Generally, under section 162, the cost of food or beverages may be deductible as ordinary and necessary expenses if paid or incurred during the taxable year in carrying on a trade or business. However, section 274(k) provides that no deduction is allowed for the expense of any food or beverages provided by the taxpayer (or an employee of the taxpayer) unless (1) the expense is not lavish or extravagant under the circumstances; (2) the taxpayer, or an employee of the taxpayer, is present at the furnishing of such food or beverages; and (3) the food or beverages are provided to the taxpayer or a business associate. The amount allowable as a deduction for any food or beverage expense may not exceed 50% of the amount of the expense that otherwise would be allowable. In certain limited exceptions, the 50% deduction limitation is inapplicable, such that the food or beverage expenses are 100% deductible.

The CAA adds a new exception to the 50% deduction limitation in section 274(n)(2)(D) for food and beverage expense if the food or beverage is provided by a restaurant and the expense is paid or incurred after December 31, 2020, but before January 1, 2023. In other words, for 2021 and 2022, food or beverage expenses are 100% deductible so long as they are provided by a restaurant. The use of the word “by”, rather than “in”, indicates that takeout and delivery food or beverage expenses paid or incurred during 2021 and 2022 are also 100% deductible. In the case of meals provided on site by an employer, this exception raises many issues, and suggests that such meals, if delivered by a restaurant are deductible, whereas those prepared on site by catering staff may not be. In the case where a restaurant delivery is used, this provision would seem to remove the “double hammer” that the IRS has applied to meals that are not originally treated as wage income to the employee. As background, if an employer provides meals on premises to employees and does not treat the meals as wage income, the IRS may determine on audit that the meals are wage income to the employees. In such cases, the IRS often both assesses the employer for the income and FICA taxes not withheld, and disallows the employer’s income tax deduction for the meals on the basis that the amounts were not properly treated as compensation on the original returns filed by the employer (Forms W-2 and Form 1120).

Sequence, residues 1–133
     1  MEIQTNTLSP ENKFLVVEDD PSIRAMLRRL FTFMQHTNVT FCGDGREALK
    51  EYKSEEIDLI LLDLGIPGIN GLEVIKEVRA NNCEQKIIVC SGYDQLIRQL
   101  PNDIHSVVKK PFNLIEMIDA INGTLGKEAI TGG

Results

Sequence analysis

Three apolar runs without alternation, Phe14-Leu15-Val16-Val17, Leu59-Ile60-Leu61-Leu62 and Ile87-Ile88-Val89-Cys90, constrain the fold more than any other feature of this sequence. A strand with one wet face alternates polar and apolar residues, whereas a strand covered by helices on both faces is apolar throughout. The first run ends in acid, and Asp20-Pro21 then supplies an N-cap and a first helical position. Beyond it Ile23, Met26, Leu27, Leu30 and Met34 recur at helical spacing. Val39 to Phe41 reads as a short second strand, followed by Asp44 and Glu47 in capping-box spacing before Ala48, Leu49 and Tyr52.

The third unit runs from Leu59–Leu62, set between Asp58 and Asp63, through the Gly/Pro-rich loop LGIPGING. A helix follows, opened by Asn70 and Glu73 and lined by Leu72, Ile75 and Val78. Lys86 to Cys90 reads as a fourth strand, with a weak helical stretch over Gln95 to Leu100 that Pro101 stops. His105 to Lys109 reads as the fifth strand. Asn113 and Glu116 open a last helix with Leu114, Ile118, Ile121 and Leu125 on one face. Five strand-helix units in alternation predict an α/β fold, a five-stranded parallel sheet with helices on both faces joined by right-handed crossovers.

Work Opportunity Tax Credit Extended

Section 51 provides a section 38 general business credit, the amount of which depends on the amount of wages the taxpayer-employer pays to its employees during their first year of employment, to employers that hire individuals from certain specified groups. To qualify, the employee must fall within one or more of ten targeted groups: (1) an individual member of a family who meets certain participation requirements in the Temporary Assistance for Needy Families Program (the “TANF grant”), (2) a qualified veteran, (3) a qualified ex-felon, (4) a designated community resident, (5) a vocational rehabilitation referral, (6) a qualified summer youth employee, (7) a qualified supplemental nutrition assistance program benefits recipient, (8) a qualified SSI recipient, (9) a long-term family assistance recipient, or (10) a qualified long-term unemployment recipient. The Work Opportunity Tax Credit (“WOTC”) provides a credit for 40% of the first $6,000 of qualified wages paid to an employee, within a target group, who performs at least 400 hours of service for the employer. The credit rate is reduced to 25% if the employee completes at least 120 hours of services but fewer than 400 hours of service. Section 51(c)(3) denies the credit if the employee performs fewer than 120 hours of service for the employer in the employee’s first year.

Prior to the CAA, WOTC was scheduled to expire and would not apply to newly hired employees on or after January 1, 2021. The CAA extended the Work Opportunity Tax Credit for new-hires made before January 1, 2026, and applies to individuals who begin work after December 31, 2020.